Consistent with previous reports, we observed that unstimulated peripheral blood CD4+ T cells from HIV infected and seronegative subjects expressed low levels of both 4-1BB and OX40 [9, 39, 40]. Due to the systemic immune activation inherent to HIV infection, 4-1BB expression is higher on CD4+ T cells following mitogenic stimulation in seropositive patients compared with seronegative controls . However, there is no information regarding its expression on virus-specific CD4+ T cells. We were able to delineate the specific effects of HIV replication and chronic antigenic stimulation on the expression of 4-1BB and OX40 by comparing its expression on HIV− and CMV-specific CD4+ T cells. We observed that the induction of 4-1BB on IFN-γ and IL-2 producing CD4+ T cells producing was approximately 50% lower in response to HIV than CMV antigen stimulation, suggesting the expression of 4-1BB on HIV-specific, cytokine producing CD4+ T cells was dysregulated. Furthermore, we observed that 4-1BB expression on HIV-specific and CMV-specific IL-2 producing CD4+ T cells was significantly lower in untreated viremic subjects compared to those with ART-suppressed viral loads. Although longitudinal studies on pre and post ART-treated subjects would help to strengthen the association between 4-1BB expression and viral replication observed in this cross-sectional study, increased 4-1BB expression on virus-specific IL-2 producing CD4+ T cells from subjects on ART suggests that decreased expression of 4-1BB is associated with chronic viral replication and persistent stimulation of antigen-specific CD4+ T cells, which is the hallmark of HIV disease progression. However, it is worth noting that HIV preferentially infects HIV-specific CD4+ T  and that such preferential infection shortens the life span of HIV-specific CD4+ T cells [42, 43]. Thus, it is also possible that the decreased frequencies of Gag-specific CD4+ T cells expressing 4-1BB reflect a preferential loss of these cells.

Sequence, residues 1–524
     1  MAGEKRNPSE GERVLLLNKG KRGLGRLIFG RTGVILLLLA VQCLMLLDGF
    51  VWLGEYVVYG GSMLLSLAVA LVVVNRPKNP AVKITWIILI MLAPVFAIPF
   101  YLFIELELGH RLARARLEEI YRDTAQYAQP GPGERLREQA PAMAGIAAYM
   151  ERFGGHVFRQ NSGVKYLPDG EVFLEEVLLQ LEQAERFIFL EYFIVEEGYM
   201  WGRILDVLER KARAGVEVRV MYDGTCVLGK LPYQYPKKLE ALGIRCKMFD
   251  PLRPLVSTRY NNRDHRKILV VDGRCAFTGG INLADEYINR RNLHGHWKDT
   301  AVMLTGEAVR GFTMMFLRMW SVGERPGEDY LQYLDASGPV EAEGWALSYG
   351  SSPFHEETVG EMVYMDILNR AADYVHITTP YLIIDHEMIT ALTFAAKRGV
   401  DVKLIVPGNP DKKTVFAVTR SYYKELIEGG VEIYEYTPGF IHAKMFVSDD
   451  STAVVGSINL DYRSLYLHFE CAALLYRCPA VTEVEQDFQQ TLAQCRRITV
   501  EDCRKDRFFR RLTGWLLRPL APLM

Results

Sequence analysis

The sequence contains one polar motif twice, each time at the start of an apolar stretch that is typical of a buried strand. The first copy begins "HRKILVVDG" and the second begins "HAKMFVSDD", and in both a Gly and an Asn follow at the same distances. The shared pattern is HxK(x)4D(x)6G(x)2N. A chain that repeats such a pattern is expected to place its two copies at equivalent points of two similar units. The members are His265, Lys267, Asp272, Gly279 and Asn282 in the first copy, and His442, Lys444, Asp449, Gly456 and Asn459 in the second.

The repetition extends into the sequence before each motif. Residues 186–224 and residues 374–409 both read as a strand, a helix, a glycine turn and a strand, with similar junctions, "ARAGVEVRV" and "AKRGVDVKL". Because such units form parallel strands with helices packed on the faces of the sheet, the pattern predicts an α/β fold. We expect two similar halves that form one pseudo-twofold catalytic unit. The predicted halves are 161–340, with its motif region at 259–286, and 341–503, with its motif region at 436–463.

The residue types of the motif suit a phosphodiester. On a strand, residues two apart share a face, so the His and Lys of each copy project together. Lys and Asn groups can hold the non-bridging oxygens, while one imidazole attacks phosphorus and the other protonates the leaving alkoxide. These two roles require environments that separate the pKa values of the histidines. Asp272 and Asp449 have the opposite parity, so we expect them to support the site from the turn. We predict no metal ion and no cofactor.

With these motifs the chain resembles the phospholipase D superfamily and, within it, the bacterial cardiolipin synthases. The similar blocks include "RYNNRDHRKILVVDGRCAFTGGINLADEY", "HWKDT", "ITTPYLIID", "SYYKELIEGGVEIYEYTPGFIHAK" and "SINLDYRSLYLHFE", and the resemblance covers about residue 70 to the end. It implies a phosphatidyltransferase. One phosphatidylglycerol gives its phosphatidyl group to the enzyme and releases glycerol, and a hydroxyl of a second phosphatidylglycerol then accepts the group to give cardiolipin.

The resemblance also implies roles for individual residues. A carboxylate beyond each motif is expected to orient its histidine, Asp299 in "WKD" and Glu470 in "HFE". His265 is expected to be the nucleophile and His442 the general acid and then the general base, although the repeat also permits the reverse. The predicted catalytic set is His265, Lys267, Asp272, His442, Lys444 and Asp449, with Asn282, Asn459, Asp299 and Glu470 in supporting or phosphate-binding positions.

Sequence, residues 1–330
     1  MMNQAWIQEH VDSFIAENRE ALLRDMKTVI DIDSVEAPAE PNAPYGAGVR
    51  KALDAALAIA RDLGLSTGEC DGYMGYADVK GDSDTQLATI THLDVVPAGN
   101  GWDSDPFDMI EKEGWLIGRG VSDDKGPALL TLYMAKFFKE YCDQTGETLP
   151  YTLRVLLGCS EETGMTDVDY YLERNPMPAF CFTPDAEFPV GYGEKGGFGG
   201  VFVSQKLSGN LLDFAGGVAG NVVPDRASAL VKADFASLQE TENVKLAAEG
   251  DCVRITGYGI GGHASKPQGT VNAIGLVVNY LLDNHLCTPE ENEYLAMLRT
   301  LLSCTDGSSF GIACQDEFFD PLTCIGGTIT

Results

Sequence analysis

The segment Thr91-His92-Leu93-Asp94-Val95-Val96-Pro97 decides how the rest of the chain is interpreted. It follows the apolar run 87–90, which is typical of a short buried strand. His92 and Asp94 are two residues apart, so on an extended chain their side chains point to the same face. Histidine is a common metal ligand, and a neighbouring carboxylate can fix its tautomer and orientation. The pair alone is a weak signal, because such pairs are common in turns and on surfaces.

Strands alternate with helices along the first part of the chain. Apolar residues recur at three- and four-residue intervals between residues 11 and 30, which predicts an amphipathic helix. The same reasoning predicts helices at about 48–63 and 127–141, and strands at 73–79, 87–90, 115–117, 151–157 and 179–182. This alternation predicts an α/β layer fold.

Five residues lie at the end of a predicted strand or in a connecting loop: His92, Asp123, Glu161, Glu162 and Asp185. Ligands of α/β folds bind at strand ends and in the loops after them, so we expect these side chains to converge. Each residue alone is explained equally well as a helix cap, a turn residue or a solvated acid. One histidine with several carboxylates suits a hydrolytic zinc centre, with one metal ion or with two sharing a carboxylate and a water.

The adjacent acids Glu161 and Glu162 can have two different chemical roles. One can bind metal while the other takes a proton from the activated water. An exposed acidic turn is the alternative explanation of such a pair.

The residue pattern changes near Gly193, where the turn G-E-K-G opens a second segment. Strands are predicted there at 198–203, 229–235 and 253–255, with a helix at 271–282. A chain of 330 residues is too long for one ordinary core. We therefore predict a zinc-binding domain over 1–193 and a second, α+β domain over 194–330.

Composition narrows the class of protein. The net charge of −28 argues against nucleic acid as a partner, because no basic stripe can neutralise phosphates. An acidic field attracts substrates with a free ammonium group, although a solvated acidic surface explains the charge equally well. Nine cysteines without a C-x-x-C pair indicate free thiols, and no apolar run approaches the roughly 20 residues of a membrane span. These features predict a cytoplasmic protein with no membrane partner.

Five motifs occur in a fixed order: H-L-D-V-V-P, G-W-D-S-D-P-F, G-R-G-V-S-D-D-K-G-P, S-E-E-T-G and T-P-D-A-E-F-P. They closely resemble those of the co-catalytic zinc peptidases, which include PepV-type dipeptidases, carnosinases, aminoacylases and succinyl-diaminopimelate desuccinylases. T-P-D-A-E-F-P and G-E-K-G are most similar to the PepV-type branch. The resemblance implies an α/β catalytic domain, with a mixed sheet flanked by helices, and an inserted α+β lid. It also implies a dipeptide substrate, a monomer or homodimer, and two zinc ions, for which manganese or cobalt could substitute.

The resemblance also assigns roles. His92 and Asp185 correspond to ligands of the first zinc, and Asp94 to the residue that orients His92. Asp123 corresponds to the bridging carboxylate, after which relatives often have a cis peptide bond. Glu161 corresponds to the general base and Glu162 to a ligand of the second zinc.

Yu et al. previously reported that a higher percentage of CD4+ T cells from HIV-infected patients expressed OX40 than seronegative controls , despite overall low totals. We observed low expression levels of OX40 on circulating CD4+ T cells from both HIV infected and seronegative subjects. We also did not detect a difference in the expression of OX40 by HIV-specific vs. CMV-specific CD4+ T cells, unlike our observation for 4-1BB. However, in a subset of subjects which responded to both viruses, OX40 expression was significantly higher on Gag- compared to CMV-specific IL-2 producing CD4+ T cells suggesting that OX40 could be compensating for decreased 4-1BB expression. Interestingly, we did observe preferential expression of OX40 on IL-2 producing HIV− and CMV-specific CD4+ T cells. This is consistent with previous findings that demonstrate OX40 is expressed on less differentiated (CD27+/CD28+) CD4+ T cells . Furthermore, it has been demonstrated that ligation of OX40 on CD4+ T cells enhances both HIV-specific CD4+ and CD8+ T cell proliferation . While the current paradigm suggests OX40 preferentially costimulates CD4+ T cells and 4-1BB preferentially costimulates CD8+ T cells [23, 35], we observed higher expression of 4-1BB than OX40 on HIV-specific and CMV-specific CD4+ T cells. Previous murine studies have indicated that these costimulatory molecules are expressed at similar levels on activated CD4+ T cells . Based on our observations with HIV− and CMV-specific cells, we suggest that in the context of chronic HIV infection, 4-1BB may play a dominant costimulatory role for human CD4+ T cells which lack the prototypical CD28 pathway [14–16].